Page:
Intel(R) Core(TM)2 Quad CPU Q6600 @ 2.40GHz (4 cpu in /proc/cpuinfo)
production grade hardware. 64 bits cpu running slackware 14.0x64:

 
A.J. Côté
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If you try the code with more (or less) than 3 printing threads, please fix line 61 in Thread123v2:

Thread123v2[] threads = new Thread123v2[3];

should be:

Thread123v2[] threads = new Thread123v2[threadNumbers];
 
Campbell Ritchie
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Since you are using that variable as a constant it should be declared final and written in CAPITAL_LETTERS.
 
A.J. Côté
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Campbell Ritchie wrote:Since you are using that variable as a constant it should be declared final and written in CAPITAL_LETTERS.


Nah, it was never meant to be final by design. Here you go, I fixed it for you:
 
Campbell Ritchie
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That's more like it.
 
A.J. Côté
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Thanks again everybody for the spurious wakeups advice. I found in CVS and reviewed the multi-threaded code I wrote some 15 years ago (I wrote a jsp like server before jsps existed ;) and I now wonder if I had read somewhere that you needed to check a condition on waits or if I was just doing it intuitively because it made sense. In that case, I guess I was just lucky. I could swear I have never heard of spurious wakeups before although. I wonder if the term existed back then or maybe I am just getting old ;-)

anyway some old code example from back then:

Example from a thread pool I wrote (didn't exist in java back then).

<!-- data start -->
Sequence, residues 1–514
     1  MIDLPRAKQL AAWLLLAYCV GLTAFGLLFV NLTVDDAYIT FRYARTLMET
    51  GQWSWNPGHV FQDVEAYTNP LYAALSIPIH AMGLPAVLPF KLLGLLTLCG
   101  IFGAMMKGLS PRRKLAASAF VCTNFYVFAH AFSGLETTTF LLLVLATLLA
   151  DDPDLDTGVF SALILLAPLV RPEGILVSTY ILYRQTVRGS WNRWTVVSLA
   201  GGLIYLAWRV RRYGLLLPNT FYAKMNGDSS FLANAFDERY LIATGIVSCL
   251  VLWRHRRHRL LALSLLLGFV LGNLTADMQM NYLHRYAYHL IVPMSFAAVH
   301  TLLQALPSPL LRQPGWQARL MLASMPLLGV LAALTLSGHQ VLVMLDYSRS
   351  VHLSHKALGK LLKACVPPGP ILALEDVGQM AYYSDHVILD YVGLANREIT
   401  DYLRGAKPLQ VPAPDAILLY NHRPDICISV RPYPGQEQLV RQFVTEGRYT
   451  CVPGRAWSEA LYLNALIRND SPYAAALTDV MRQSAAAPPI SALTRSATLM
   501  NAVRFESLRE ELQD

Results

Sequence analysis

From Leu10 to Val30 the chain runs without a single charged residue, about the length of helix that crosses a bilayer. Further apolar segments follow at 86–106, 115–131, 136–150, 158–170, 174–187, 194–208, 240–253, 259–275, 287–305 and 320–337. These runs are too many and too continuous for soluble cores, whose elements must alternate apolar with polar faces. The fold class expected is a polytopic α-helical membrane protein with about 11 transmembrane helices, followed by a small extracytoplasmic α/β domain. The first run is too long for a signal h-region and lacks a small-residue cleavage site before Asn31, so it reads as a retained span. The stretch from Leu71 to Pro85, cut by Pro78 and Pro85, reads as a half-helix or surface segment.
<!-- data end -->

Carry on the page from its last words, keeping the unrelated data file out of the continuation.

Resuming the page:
Edit: I used to test critical things like thread pools with testers code and leave it running for days, maybe I just noticed waits() were waking up by themselves and decided to add a while(! notified) condition to fix things without knowing anything about spurious wakeups. That puzzles me ;-)

Edit 2: Hmm... jdk 1.1 didn't mention anything about spurious wakeups so it must be the same for jdk 1.0: https://www.cs.princeton.edu/courses/archive/fall97/cs461/jdkdocs/api/java.lang.Object.html#wait%28%29

Thanks again,


 
Tim Holloway
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Varun Gokulnath wrote:Hi,

I was recently asked a Java multi-threading question in an interview. The questions is : Write a program that creates 3 Threads. The first Thread prints 1, the second Thread prints 2 and the third 3. The Threads should run in such a way that they print the sequence 1 2 3 1 2 3 .... forever



Aaargh.

Do this:



Apologies for whatever incorrect syntax I'm using. I don't manually spawn threads often these days.